Corinne Bailey Rae: The Billboard Cover Story
Corinne Bailey Tierney Gearon

DEEP BLUE

The praise heaped upon Rae for her debut could have been intimidating. By summer 2007, though, she was done touring to promote that album and working on new material. The singer made an appearance on Herbie Hancock's "River: The Joni Letters" and was writing and recording songs like "The Blackest Lily," a collaboration with Roots drummer Ahmir "?uestlove" Thompson and keyboardist James Poyser that appears on "The Sea."

But personal tragedy brought Rae's career to a standstill about a month later. Jason, whom the singer married in 2001, was found dead at a friend's apartment in Leeds, England, from what a coroner's report later revealed was an accidental overdose of methadone and alcohol. In an instant, Rae's life drastically changed, and she subsequently went on a hiatus from music.

"There was a long period where I didn't really hear any songs," she says. "Normally in my everyday life, I'd be in the car and come up with a little line, or I'd look at something and try to describe it...I didn't really think in that way anymore. Nothing was coming in."

In addition, Rae suddenly became tabloid fodder in the United Kingdom. Paparazzi started to follow the singer around her hometown of Leeds, and there was constant speculation over how she was coping. "They had never had any interest in me before, because I don't get drunk and fall out of bars and do all of these reckless things," Rae says. "After losing Jason and the circumstances around that, there's been a sudden interest in me personally that I find to be quite disturbing."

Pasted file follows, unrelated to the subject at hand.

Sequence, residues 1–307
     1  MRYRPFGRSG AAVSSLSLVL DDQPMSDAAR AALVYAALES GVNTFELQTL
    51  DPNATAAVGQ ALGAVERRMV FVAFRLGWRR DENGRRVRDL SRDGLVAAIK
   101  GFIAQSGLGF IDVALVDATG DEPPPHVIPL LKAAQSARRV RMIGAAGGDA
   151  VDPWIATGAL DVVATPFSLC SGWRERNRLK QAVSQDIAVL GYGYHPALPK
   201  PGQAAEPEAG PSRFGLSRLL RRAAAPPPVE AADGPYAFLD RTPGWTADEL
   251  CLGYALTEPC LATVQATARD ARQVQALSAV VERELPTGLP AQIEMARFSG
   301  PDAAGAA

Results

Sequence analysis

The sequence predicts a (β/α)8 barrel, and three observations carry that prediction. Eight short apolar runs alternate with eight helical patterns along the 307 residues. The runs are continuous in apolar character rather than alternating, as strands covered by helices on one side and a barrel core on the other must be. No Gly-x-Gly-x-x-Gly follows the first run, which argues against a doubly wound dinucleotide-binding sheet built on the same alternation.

With the intention of putting all the intrigue to rest before the full press campaign for "The Sea" got under way, Rae granted a "tell all" interview to the Guardian, which ran an extensive feature on Rae October 4.

"I feel like in America, people really get the music and get me, so I've been able to do more interviews," Rae says. "But in England, it's a bit more curious. It's all a question of what you say and what you don't say, and I'm still learning how to do that."

Rae slowly began to make music again, she says, and her songwriting instinct "just started to reappear. I don't know why, but I was glad to have it back."

The first song to make it onto "The Sea" from this period was "Are You Here," a haunting alt-rock piece that finds her painting an idyllic portrait of her lover ("He's a real live wire, he's the best of his kind/Wait till you see those eyes"), before plunging into a profound state of longing ("Are you here? Because my heart recalls that it all feels the same"), her voice welling up with emotion.

"I wasn't sure whether I wanted to put ["Are You Here"] into the world," Rae says. "During this time, I've written a lot of music that's just been for my personal expression, but when I got to the chorus of that song, I wanted it to be kind of heavy and intense and sensual and noisy and overwhelming."

None of those adjectives comes to mind when describing Rae's early material, and she says that a stylistic shift was under way even before her husband's death.

"I went from playing small gigs for 80 people to like 2,000 or 3,000 people, and they were arriving with all this expectation and excitement," she says. "The points in the gig that were meant to be really intimate and personal were good, but I wanted to take it over the edge and record something that was more aggressive and extreme.

"I didn't set out to write songs about grief," Rae says. "I feel like because I play my guitar and sing, and I do it in my house, those sort of things just turned up and came through."

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